She Saved A Sick Dog On The Beach — And Found Her True Calling
When Tania Cappelluti moved to Costa Rica from Berlin, Germany, to start a yoga retreat, she didn't know she'd end up dedicating her life to saving animals.
"After I moved to Costa Rica, I found a little dog at the beach," Cappelluti told The Dodo. The dog, whom she named Kuki, was starving when she was found, so Cappelluti, traditionally a cat person, took her in.
"I saw the development of her," Cappelluti remembered. "She was a super shy, scared street dog who became such a loyal, loving incredible dog. And that gave me such joy in a spiritual way."
This was just the beginning.
Soon, Cappelluti started seeing stray and abandoned dogs and cats on the street. Their potential to be loyal and loving family members, like Kuki had become for her, was being squandered. There's even a gas station in the area where people take the dogs they don't want anymore, tie them up and leave.
"Some of the animals on the street run around, they have old collars around their necks and are just in terrible condition," Cappelluti said. "Sometimes when people have babies, they sort of just let their pets go."
So, just over a year ago, in February 2015, Cappelluti decided to do something more for animals.
Cappelluti teamed up with two local women who also wanted to help animals. Mercedes Mora, a local Costa Rican seamstress and single mom, has been rescuing dogs for years (she has nine!). "It was always her dream" to be part of a larger effort to help animals, according to Cappelluti. And Florie Oconitrillo, a university teacher who is mom to five rescue dogs, joined the ranks, collaborating closely with Mercedes to find loving homes for rescued dogs.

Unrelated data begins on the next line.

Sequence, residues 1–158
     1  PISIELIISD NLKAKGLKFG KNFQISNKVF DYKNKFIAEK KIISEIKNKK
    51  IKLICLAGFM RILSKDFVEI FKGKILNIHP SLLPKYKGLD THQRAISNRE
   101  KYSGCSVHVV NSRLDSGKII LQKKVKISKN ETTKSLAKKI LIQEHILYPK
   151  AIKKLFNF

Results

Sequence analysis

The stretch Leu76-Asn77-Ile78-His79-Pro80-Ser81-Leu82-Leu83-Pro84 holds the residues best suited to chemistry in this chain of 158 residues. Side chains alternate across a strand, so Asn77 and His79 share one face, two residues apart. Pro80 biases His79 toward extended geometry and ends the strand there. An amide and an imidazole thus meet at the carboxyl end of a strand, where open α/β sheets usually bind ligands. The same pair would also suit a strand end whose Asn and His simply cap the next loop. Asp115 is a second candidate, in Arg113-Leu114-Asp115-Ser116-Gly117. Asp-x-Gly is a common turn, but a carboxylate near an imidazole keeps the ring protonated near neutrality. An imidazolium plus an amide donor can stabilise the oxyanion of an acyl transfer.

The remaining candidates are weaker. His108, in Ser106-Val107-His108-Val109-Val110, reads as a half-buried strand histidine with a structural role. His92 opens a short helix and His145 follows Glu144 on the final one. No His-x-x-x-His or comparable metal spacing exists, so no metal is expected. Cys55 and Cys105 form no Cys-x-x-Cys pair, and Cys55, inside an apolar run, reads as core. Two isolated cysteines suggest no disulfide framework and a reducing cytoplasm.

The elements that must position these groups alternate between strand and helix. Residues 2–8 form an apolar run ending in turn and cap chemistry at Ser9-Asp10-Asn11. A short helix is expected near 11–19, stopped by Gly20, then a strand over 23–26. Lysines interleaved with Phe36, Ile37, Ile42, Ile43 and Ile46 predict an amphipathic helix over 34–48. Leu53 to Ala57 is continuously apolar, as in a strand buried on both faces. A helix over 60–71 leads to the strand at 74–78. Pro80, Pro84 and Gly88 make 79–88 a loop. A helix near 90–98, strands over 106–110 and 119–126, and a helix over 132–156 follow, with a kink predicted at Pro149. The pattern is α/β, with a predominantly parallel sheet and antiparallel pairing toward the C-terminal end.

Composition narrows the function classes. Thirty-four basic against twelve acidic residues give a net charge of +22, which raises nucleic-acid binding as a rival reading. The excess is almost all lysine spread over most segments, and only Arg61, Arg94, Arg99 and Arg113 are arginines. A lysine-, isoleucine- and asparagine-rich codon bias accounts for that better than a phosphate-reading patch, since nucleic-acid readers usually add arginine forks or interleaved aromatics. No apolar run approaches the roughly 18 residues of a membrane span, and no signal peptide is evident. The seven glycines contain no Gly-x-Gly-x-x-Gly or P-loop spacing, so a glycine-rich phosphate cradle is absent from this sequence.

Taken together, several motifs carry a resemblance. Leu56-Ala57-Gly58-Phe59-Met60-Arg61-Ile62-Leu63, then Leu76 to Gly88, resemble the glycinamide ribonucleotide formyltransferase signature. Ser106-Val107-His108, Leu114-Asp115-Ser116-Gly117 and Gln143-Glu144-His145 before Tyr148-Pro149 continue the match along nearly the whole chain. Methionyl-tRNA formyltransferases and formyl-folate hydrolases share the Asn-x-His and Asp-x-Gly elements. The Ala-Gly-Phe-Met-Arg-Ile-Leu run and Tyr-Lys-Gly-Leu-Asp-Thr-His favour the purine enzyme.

These women joined Ellen Wisse, a transplant to Costa Rica from Europe, like Cappelluti, who has three rescue dogs, two rescue cats and a horse. Wisse has been running a local spay/neuter clinic for local people's pets, to help control the population of abandoned animals. "We have a really good network," Cappelluti said. "What we really use is Facebook and word of mouth."
The women named themselves Charlie's Angels Animal Rescue, after Charlie - a dog they found lying on a busy road who miraculously survived being hit by a car. Since then, the angels who saved Charlie's life have helped rescue dozens of others.
One of these miracles was Pinto, a dog discovered in one of the poorest neighborhoods, suffering from terrible infections.
"I have never seen a dog in such a horrific state," Cappelluti said. "It broke my heart. He lost all his fur due to a horrible fungus and a bacterial skin infection. He was also highly anemic and very, very weak. We agreed, no matter what, he'd get the help he needs."
Just seven weeks later, after some tender loving care, Pinto was practically a different dog. "When we came, he was wagging his tail and ran around to salute us!" Cappelluti remembered.
While Cappelluti still runs the yoga retreat, she's become totally hooked on helping animals. She even encourages her yoga clients to follow her lead.
"Our ultimate goal is to have a house, volunteers, and people come visit and adopt the animals," Cappelluti said. The four women of Charlie's Angels are currently hosting the recovering animals in their own homes.
It's said that life is what happens to you while you're making other plans.
Cappelluti - and Kuki, too - would attest to that.